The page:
Meteora in Unity
This project recreates Meteora in Unity. Meteora is a rock formation in central Greece that has monasteries perched on rock pillars. The monasteries were built in the 14th century to escape Turkish raiders and until the 17th century the only way to get up to them was by ladder or ropes. The project is an immersive experience for PC and Quest 2 as well as a video. You visit different locations around the site via teleport platforms.
The terrain model and the scattering of trees, bushes etc. was created in Houdini and brought into Unity via Houdini Engine. The buildings were modelled from reference images in Rhino. Some textures were created in Substance Designer while the rest were downloaded from the Substance asset library.
The generation of the terrain was broken down into a number of tasks in Houdini. It makes use of PDG (procedural dependency graph) where tasks write their geometry to disk. This allows tasks to be re-run without having to re-run every task it depends on. The tasks are defined inside a HDA (Houdini digital asset) which is imported into Unity via Houdini Engine. The HDA can expose parameters and regenerate geometry from Unity.
Low resolution terrain data was fetched from Mapbox.
I then used screenshots from Google Earth to trace the outlines of the rock pillars and extrude them upwards. Google Earth has a handy feature where it will tell you the height of the terrain under the mouse so I used this to determine the height of the rock pillars.
The rock pillars were merged with the base height field. The tops of the rock pillars were blurred to give them a more rounded appearance and noise was added to give a more natural rocky appearance. I had to flatten the courtyards of the monasteries so buildings didn’t end up buried in the ground. I created the courtyard shapes in Rhino and imported them into Houdini and used them to mask out certain areas that received noise. The terrain was then eroded by water and temperature and slumping was applied to give the appearance of depositing of sediment when water runs down the slopes.
The roads were traced from Google Earth and projected onto the terrain.
Masks were created for each of the terrain layers using criteria like slope and height. I had to be careful that none of the masks overlapped or Unity would render the overlap washed out.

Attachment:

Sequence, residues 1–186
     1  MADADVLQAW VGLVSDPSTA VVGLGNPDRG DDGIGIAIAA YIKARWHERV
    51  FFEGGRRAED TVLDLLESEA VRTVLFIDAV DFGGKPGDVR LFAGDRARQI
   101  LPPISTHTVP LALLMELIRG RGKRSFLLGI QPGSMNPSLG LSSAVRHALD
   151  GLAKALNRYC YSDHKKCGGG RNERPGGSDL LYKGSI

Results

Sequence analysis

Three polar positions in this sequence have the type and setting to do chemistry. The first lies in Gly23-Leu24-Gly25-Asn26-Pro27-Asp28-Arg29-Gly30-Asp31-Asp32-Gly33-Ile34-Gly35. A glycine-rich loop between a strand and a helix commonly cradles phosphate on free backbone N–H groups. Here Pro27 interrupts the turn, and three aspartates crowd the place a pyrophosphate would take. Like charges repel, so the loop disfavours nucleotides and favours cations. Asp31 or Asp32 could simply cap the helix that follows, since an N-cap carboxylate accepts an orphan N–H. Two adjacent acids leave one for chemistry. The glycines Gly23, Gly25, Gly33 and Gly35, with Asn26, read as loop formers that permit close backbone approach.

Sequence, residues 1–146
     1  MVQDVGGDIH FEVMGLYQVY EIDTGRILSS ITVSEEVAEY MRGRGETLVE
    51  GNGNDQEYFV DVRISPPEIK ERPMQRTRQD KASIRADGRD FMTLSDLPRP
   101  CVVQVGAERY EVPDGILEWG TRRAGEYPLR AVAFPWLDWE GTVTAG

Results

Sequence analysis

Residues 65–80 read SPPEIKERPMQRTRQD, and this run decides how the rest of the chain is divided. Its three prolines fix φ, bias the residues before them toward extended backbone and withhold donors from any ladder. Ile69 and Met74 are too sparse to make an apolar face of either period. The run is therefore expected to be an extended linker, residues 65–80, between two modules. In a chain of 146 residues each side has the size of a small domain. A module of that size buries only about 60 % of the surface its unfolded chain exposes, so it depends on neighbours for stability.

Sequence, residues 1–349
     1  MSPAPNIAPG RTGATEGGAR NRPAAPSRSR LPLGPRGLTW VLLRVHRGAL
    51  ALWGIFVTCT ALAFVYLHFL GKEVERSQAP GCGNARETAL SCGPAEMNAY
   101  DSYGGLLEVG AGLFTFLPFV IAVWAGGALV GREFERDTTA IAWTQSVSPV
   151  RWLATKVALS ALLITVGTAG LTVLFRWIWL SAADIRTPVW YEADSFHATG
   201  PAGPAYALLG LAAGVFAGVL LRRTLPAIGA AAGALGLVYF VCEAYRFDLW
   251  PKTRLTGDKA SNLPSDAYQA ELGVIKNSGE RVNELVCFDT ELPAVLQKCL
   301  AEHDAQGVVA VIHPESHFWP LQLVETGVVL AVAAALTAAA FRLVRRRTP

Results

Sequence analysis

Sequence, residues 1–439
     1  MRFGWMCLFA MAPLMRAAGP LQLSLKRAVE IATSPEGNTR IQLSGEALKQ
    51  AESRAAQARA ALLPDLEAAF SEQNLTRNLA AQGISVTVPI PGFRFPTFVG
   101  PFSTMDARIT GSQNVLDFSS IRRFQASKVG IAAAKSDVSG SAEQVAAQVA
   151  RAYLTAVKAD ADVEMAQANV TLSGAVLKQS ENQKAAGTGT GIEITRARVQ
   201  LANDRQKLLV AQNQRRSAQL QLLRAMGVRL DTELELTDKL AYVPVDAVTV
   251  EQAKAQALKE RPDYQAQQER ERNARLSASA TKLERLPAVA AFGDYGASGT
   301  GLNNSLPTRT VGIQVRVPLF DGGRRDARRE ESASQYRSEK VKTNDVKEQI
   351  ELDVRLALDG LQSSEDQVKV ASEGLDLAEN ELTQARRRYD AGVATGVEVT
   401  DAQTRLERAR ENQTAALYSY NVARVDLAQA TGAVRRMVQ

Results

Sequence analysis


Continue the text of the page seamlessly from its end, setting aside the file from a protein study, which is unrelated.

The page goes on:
Unity has a maximum terrain size of 4097 (4096 + grid size, which is 1 in my case) but a maximum splat texture size of 4096. The terrain layers use splat textures where each channel in the image corresponds to a terrain layer. Houdini generates the splat texture size the same as the terrain size and hits this limit. The solution is to split the terrain into tiles which also helps with performance. In this instance I split the terrain into 4 tiles.
For the flora and rocks, points were scattered across the terrain. Some Vex (Houdini’s scripting language) was used to make sure that points didn’t collide with each other. Unity’s prefab directory was scanned and prefabs were randomly assigned to each of the points.
I tried Blender, Maya, 3ds Max, Modo and Cinema 4D but none had full support for walls and openings so I settled on Rhino which is a general purpose CAD application that has support for meshes or can convert NURBS to meshes on export.
The terrain model was imported into Rhino as a mesh. This helped to position the buildings. I used Google Earth to draw the roof plan of the buildings. From the roof plan I derived the wall plan and extruded them up to create the walls. For the window and door openings I drew the elevation onto the faces of the walls using Google Earth and Google Images for reference.
The next step was to apply UV mapping to all the geometry and assign materials. The materials in Rhino were placeholders and were replaced with Unity materials after import.
The rock pillars, dirt, road and opening backing plane textures were created in Substance Designer. Like Houdini, Substance Designer is procedural and you create textures by connecting nodes together. For the others I downloaded pre-built textures from the Substance asset library. These textures are parametric so you can create variations. For the walls and roofs I created 3 variations of each so that the monastery building clusters didn't look too uniform.
All the Unity shots for the video where done using Cine Machine (a Unity package). You create a virtual camera for each shot and a dolly if needed. Each virtual camera can have its own post processing effects. Subtle use of motion blur, depth of field, bloom and colour grading was used. The Unity footage was then brought into Final Cut Pro along with titles created in Apple Motion.